acquired infections. In the UK, the Department with an unstable medical condition, such as crescendo
of Health has recommended that 75% of elective angina or poorly controlled diabetes, is not suitable
procedures should be performed as day-case surgeries,3 for day surgery.
and the International Association for Ambulatory
Surgery (IAAS) has been promoting the worldwide
development of day surgery since 1995. In 2007, Surgical factors
the World Health Organization published a policy It is important that any procedure considered for day
brief to facilitate this aim (Day Surgery: Making it surgery should not carry a significant risk of major
Happen).4 This article will explore the factors involved complications, nor should it require prolonged special-
in planning an effective day surgery service, as well ist care or observation. Table 1 gives a list of some of
as some of the potential barriers to implementation the common procedures suitable for day surgery, but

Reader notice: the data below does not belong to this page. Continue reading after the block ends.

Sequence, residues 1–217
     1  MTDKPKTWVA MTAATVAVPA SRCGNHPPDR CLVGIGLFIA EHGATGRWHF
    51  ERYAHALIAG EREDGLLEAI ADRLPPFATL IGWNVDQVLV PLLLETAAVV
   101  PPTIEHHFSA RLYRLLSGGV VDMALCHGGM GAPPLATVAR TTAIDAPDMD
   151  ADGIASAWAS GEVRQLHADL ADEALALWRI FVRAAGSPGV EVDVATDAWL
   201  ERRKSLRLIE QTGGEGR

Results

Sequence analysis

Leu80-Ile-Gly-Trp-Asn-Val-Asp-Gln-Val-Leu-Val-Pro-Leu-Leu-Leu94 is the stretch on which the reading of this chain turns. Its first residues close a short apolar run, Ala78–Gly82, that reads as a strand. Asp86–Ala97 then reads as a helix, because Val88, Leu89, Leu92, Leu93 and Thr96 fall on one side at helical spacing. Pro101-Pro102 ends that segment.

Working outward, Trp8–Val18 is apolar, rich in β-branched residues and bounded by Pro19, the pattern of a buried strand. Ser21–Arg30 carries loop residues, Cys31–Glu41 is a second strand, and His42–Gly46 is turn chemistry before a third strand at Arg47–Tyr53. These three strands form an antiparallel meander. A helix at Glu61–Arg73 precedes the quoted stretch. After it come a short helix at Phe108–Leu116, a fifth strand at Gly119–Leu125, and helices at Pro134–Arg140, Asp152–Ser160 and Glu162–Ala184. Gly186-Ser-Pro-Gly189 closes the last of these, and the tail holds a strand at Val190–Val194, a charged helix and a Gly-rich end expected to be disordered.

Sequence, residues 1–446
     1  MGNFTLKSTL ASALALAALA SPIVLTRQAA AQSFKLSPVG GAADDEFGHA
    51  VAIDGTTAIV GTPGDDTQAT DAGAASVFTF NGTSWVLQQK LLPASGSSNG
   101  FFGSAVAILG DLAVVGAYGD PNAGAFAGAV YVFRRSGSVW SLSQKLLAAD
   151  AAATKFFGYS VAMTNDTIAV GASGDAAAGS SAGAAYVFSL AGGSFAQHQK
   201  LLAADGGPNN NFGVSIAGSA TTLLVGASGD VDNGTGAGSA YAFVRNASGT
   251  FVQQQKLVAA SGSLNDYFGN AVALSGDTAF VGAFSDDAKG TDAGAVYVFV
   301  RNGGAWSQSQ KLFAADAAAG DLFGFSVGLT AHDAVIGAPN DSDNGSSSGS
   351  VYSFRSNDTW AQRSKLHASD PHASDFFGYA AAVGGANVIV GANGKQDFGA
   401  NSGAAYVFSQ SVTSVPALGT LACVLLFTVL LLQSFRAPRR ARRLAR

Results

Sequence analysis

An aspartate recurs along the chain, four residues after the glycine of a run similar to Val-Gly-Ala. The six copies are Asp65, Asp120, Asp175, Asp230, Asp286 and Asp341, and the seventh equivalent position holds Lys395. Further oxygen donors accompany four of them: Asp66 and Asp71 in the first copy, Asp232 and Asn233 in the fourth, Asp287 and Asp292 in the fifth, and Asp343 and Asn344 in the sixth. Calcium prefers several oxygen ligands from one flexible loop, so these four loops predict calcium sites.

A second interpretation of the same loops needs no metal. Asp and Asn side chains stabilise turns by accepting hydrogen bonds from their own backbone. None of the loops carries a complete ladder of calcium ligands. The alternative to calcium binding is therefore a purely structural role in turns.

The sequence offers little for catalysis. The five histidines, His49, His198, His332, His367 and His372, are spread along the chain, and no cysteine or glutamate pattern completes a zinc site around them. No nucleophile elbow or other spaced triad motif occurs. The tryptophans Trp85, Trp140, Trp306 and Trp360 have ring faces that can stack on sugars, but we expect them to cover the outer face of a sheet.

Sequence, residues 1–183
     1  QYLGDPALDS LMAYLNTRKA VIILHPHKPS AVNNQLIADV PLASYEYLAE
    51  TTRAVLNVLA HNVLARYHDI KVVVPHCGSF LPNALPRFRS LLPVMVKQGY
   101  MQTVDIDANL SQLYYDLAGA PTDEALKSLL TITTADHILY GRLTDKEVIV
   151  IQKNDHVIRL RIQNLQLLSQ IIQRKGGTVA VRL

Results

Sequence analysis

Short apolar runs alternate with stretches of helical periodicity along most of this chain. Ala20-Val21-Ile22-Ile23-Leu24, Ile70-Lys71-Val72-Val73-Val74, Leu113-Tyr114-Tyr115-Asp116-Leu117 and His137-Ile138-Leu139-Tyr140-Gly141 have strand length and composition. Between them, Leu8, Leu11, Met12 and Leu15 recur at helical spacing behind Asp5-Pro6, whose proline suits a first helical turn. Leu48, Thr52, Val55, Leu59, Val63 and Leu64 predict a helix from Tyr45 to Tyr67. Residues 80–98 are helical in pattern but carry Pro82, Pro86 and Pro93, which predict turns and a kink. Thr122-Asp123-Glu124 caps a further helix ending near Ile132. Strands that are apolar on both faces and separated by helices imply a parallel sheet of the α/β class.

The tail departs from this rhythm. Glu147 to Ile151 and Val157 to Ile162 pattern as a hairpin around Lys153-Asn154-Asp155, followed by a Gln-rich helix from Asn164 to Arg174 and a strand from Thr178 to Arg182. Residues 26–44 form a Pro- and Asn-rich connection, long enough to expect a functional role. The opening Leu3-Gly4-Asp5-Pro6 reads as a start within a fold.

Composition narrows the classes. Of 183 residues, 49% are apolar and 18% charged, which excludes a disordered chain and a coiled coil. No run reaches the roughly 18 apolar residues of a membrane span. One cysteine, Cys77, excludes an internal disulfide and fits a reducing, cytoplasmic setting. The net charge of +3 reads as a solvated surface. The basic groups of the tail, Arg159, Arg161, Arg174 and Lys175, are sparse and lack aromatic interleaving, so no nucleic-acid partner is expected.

of such a service. is by no means exhaustive more information can be
found on the IAAS website (www.ambulatorysurgery.
org) or from the British Association of Day Surgery
PATIENT SELECTION (www.daysurgeryuk.net). Minimally invasive surgical
techniques should be employed if opening abdominal
It is now accepted that most patients are suitable for or thoracic cavities, and it should be possible to control
day surgery unless there is a specific reason why an pain with oral medications and/or local anaesthetic
overnight stay would be required.5 When selecting techniques. Patients should be able to resume normal
appropriate patients there are three main areas to functions (i.e. drinking) quickly, and should be able
consider: social, medical and surgical factors. to mobilise before discharge.

In addition to the above, there are certain patient

Social factors groups that may need further consideration when
Gillian Barnett
The patient must understand the procedure and determining suitability for day surgery.
Specialist Trainee
consent to have it performed as a day surgery. Patients Department of Anaesthesia
who undergo general anaesthesia should be looked Royal Devon and Exeter NHS
after by a responsible adult for the next 24 hours, Infants Foundation Trust